Topic: polymerase chain reaction – plasmids – antibiotic resistance, bacterial – carbapenem – epidemiology – disease transmission – enterobacteriaceae – klebsiella pneumoniae – lactams – new york city – protein isoforms – reverse transcriptase  polymerase chain reaction – epidemics – antimicrobial susceptibility – multi-antibiotic resistance – extended-spectrum beta lactamases – bacterial carbapenemase resistance blakpc gene – carbapenem resistance – carbapenem-resistant enterobacteriaceae

Issue Section: ORIGINAL RESEARCH

© The Author(s) 2018. Published by Oxford University Press on behalf of the British Society for Antimicrobial Chemotherapy. All rights reserved. For permissions, please email: journals.permissions@oup.com.

This article is published and distributed under the terms of the Oxford University Press, Standard Journals Publication Model (https://academic.oup.com/journals/pages/open_access/funder_policies/chorus/standard_publication_model)

Keywords: Antibiotics; Drugs Resistance; Carbapenem; Beta-lactams; Enterobacteriaceae; NYC; USA; Klebsiella pneumoniae.

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A large, #refractory #nosocomial #outbreak of #KPC-producing #Ecoli demonstrates carbapenemase gene #outbreaks involving #sink sites require novel approaches to infection control (AAC, abstract)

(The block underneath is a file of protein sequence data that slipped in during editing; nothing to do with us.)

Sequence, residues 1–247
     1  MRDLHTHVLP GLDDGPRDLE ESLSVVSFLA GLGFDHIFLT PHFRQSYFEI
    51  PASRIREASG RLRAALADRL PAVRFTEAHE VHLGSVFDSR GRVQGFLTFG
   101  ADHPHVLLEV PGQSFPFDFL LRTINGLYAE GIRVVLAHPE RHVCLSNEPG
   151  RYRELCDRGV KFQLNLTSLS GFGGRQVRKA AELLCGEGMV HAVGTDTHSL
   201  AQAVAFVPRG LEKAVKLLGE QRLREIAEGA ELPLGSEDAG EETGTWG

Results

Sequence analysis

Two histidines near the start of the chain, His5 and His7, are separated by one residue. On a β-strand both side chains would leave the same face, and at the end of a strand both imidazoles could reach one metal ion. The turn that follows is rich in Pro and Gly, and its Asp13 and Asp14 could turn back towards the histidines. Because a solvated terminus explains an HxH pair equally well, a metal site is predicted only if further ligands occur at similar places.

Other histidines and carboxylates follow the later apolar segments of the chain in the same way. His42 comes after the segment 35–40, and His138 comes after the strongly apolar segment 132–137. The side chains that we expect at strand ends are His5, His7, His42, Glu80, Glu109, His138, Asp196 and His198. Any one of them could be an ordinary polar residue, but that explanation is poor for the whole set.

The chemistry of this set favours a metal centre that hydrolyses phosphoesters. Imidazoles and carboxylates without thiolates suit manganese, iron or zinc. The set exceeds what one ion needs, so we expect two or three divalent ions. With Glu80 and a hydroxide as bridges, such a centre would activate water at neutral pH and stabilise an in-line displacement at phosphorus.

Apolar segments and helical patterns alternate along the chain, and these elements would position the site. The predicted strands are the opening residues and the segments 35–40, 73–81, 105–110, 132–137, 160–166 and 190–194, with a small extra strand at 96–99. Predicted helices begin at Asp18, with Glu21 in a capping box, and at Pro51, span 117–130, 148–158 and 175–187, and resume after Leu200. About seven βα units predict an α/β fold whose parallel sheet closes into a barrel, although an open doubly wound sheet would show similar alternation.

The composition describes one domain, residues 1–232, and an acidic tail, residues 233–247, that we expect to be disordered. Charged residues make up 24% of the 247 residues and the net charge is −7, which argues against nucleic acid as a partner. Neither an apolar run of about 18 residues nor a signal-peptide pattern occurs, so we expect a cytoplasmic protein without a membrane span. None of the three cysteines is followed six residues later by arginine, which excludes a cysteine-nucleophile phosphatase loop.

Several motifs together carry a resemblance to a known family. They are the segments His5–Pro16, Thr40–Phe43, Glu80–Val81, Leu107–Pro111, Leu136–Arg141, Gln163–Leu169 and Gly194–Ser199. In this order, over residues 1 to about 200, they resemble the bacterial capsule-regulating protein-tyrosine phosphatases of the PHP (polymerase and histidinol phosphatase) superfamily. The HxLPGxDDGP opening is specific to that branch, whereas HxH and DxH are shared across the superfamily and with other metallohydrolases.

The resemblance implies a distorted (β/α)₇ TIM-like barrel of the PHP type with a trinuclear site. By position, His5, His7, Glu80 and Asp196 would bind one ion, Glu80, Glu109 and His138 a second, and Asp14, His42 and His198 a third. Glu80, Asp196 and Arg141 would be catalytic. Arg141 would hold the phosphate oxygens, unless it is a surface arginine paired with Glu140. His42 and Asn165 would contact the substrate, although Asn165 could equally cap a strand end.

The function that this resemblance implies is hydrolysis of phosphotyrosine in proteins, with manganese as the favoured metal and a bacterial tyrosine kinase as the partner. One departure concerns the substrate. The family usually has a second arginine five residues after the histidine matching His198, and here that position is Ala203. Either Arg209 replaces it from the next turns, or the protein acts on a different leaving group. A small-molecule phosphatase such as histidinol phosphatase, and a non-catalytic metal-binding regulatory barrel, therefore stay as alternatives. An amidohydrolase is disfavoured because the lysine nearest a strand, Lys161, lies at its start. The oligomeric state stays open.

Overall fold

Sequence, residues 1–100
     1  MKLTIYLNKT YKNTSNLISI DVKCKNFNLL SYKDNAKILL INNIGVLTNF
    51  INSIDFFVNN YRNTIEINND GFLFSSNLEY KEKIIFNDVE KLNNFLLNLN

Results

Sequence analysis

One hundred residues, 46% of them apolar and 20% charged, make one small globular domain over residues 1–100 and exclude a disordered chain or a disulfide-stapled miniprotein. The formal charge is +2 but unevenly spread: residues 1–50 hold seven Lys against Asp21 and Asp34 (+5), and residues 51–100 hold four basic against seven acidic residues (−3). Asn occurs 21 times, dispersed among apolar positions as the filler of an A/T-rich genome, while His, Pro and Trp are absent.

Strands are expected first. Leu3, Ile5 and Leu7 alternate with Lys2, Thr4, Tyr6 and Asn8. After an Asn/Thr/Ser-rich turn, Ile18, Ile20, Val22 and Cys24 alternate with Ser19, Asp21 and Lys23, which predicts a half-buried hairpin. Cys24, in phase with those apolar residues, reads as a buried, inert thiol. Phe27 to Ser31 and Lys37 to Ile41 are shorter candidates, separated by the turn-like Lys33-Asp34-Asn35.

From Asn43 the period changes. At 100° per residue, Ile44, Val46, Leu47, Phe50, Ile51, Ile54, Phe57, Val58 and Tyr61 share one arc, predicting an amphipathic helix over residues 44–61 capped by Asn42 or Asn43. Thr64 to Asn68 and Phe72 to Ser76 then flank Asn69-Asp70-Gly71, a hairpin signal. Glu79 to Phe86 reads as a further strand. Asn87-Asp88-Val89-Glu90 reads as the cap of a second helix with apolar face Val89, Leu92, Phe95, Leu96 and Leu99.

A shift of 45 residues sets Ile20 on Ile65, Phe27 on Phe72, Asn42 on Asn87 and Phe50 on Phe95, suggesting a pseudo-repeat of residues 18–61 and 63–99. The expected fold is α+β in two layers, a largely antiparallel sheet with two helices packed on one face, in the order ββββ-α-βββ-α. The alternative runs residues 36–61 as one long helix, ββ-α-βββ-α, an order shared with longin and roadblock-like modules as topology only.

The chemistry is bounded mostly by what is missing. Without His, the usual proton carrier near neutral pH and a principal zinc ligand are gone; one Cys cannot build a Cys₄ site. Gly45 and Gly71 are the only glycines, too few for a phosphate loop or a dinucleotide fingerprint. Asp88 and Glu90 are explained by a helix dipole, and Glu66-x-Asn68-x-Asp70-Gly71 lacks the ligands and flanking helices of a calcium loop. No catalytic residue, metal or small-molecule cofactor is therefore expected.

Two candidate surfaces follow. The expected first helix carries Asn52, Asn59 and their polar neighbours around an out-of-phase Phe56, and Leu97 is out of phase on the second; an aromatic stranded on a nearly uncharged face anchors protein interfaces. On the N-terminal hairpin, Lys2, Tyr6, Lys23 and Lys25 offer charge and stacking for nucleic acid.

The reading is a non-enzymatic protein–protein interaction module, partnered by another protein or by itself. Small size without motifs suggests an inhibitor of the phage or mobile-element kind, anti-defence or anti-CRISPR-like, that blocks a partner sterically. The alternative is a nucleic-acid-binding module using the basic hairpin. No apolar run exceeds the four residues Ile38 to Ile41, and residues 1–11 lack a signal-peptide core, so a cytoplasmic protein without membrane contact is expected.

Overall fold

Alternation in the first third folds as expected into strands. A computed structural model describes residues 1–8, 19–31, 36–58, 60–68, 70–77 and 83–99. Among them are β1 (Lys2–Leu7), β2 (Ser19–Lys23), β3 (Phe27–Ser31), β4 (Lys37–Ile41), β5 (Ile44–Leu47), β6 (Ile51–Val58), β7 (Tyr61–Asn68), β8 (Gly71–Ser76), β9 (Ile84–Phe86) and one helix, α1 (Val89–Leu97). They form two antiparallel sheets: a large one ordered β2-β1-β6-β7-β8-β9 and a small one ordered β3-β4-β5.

[Source: Antimicrobial Agents and Chemotherapy, full page: (LINK). Summary, edited.]

A large, refractory nosocomial outbreak of Klebsiella pneumoniaecarbapenemase (KPC)-producing Escherichia coli demonstrates carbapenemase gene outbreaks involving sink sites require novel approaches to infection control

V Decraene, H. T. T. Phan, R George, D. H. Wyllie, O Akinremi, Z Aiken, P Cleary, A Dodgson, L Pankhurst, D. W. Crook, C Lenney, A. S. Walker, N Woodford, R Sebra, F Fath-Ordoubadi,A. J. Mathers, A. C. Seale, M Guiver, A McEwan, V Watts, W Welfare, N Stoesser, J Cawthorne, the TRACE Investigators’ Group

DOI: 10.1128/AAC.01689-18

 

ABSTRACT

Carbapenem-resistant Enterobacteriaceae (CRE) are a health threat, but effective control interventions remain unclear. Hospital wastewater sites are increasingly highlighted as important potential reservoirs. We investigated a large Klebsiella pneumoniae carbapenemase (KPC)-producing E. coli (KPC-EC) outbreak and wider CRE incidence trends over eight years in the Central Manchester Foundation NHS Trust (CMFT), UK, to determine the impact of Infection Prevention and Control measures.